If you have a blog, you’ve probably fielded suggestions from your relatives about what you should write, who you should write about and what personal issues you should address in your posts. At The Hairpin, Michelle Markowitz shares a conversation with her mother on the subject.
“War veterans experience something called hypervigilance, a mental state of continual alertness for danger. I have a minor version of this, a writer’s version. For me, danger lies in the sound of a footstep, a spoken word. Anyone could destroy the fragile construction I have to make each day.” Roxana Robinson writes for VQR about the writer’s need for solitude. For more from Robinson, be sure to check out her essay for The Millions on Edith Wharton.
Readers of the 1960s and 70s ran into many people who worried that writers were learning from television. In 2015, the concern is slightly different — are writers taking cues from video games? At the Ploughshares blog, Matthew Burnside tackles the game-ification of books.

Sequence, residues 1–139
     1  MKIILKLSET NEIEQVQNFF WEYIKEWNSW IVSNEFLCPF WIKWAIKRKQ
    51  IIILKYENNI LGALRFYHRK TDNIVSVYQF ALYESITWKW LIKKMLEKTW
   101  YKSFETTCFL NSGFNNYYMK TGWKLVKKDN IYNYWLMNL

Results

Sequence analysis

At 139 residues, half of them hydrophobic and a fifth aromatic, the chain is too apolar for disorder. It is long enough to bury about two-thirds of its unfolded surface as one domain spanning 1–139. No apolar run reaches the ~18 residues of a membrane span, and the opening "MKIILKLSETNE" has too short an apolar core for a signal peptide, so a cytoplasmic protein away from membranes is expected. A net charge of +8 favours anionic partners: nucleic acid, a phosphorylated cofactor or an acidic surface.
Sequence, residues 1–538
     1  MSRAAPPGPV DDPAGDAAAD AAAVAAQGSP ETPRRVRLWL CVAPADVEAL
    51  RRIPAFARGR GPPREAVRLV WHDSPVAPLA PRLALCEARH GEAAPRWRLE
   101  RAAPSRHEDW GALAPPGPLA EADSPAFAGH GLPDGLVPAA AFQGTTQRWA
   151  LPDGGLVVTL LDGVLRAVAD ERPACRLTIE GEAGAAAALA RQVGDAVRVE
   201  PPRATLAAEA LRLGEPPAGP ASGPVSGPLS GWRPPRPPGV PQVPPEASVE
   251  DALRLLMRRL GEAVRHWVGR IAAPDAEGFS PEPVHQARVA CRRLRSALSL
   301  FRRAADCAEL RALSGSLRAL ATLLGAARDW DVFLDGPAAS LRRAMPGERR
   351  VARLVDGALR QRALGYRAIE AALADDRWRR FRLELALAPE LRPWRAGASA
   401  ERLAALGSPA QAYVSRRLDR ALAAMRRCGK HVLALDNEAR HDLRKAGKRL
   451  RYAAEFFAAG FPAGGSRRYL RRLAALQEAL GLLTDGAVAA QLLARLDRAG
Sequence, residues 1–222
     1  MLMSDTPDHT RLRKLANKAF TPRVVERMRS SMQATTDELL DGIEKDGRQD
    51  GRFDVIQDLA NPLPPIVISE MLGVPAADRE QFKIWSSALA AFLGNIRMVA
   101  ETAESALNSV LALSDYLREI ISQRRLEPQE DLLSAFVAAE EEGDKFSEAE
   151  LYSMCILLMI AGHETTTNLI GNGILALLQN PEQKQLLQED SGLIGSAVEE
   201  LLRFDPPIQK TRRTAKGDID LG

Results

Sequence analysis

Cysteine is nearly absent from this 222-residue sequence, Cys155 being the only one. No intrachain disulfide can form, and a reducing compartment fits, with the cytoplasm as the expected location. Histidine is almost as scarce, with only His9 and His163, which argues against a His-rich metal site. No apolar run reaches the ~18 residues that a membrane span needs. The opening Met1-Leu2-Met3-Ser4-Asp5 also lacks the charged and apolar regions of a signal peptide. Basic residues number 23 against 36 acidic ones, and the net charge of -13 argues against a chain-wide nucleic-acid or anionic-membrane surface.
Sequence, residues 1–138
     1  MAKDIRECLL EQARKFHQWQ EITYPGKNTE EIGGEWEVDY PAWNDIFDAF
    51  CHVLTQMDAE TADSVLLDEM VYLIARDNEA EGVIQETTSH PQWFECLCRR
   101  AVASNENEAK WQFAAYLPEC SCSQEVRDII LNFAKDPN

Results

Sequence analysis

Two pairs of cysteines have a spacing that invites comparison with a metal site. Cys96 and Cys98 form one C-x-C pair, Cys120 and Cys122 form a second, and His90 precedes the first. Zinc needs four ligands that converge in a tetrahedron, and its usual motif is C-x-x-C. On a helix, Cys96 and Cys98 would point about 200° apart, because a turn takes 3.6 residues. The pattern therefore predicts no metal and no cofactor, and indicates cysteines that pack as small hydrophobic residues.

“But the truth is that even very small actions can ripple outwards and have huge and far-reaching effects. In other words, the fires you start can be little, but don’t think they don’t matter, or that they won’t spread.” The Los Angeles Review of Books interviewed Celeste Ng about writing about women, transracial adoption, and her novel, Little Fires Everywhere (featured in multiple Year in Reading entries).
Apart from being one of America’s most eminent fiction writers, Eudora Welty was also an accomplished photographer, as evidenced by the hundreds of images she produced while employed by the Works Progress Administration in the midst of the Great Depression. As Danny Heitman writes, she was also known as a great public speaker, in part because, as she put it, “I’m always on time, and I don’t get drunk or hole up in a hotel with my lover.” (h/t The Paris Review)